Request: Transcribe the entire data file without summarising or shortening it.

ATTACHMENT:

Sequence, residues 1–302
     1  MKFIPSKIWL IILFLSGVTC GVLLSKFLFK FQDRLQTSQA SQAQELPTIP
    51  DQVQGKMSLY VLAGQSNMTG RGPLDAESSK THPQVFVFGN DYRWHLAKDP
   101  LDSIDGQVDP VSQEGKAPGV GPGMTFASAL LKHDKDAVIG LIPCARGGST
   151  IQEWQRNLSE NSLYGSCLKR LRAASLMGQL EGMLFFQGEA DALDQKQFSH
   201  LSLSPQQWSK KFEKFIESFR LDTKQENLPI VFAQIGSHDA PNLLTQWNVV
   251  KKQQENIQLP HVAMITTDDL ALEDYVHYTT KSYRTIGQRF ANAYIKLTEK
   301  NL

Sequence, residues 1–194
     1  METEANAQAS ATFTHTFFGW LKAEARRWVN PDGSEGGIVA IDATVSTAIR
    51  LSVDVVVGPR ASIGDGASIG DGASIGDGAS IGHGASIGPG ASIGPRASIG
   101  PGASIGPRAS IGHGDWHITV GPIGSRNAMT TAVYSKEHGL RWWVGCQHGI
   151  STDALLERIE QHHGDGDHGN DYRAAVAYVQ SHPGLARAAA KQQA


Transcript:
Sequence, residues 1–302
     1  MKFIPSKIWL IILFLSGVTC GVLLSKFLFK FQDRLQTSQA SQAQELPTIP
    51  DQVQGKMSLY VLAGQSNMTG RGPLDAESSK THPQVFVFGN DYRWHLAKDP
   101  LDSIDGQVDP VSQEGKAPGV GPGMTFASAL LKHDKDAVIG LIPCARGGST
   151  IQEWQRNLSE NSLYGSCLKR LRAASLMGQL EGMLFFQGEA DALDQKQFSH
   201  LSLSPQQWSK KFEKFIESFR LDTKQENLPI VFAQIGSHDA PNLLTQWNVV
   251  KKQQENIQLP HVAMITTDDL ALEDYVHYTT KSYRTIGQRF ANAYIKLTEK
   301  NL

Sequence, residues 1–194
     1  METEANAQAS ATFTHTFFGW LKAEARRWVN PDGSEGGIVA IDATVSTAIR
    51  LSVDVVVGPR ASIGDGASIG DGASIGDGAS IGHGASIGPG ASIGPRASIG
   101  PGASIGPRAS IGHGDWHITV GPIGSRNAMT TAVYSKEHGL RWWVGCQHGI
   151  STDALLERIE QHHGDGDHGN DYRAAVAYVQ SHPGLARAAA KQQA